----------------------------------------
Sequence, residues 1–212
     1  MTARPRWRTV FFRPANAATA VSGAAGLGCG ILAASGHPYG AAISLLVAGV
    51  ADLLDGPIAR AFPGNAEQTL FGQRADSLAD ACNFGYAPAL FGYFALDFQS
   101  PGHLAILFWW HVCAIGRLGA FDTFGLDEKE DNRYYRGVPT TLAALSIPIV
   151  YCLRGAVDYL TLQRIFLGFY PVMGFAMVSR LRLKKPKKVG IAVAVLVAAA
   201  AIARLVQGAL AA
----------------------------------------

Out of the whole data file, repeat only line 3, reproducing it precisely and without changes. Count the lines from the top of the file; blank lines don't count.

    51  ADLLDGPIAR AFPGNAEQTL FGQRADSLAD ACNFGYAPAL FGYFALDFQS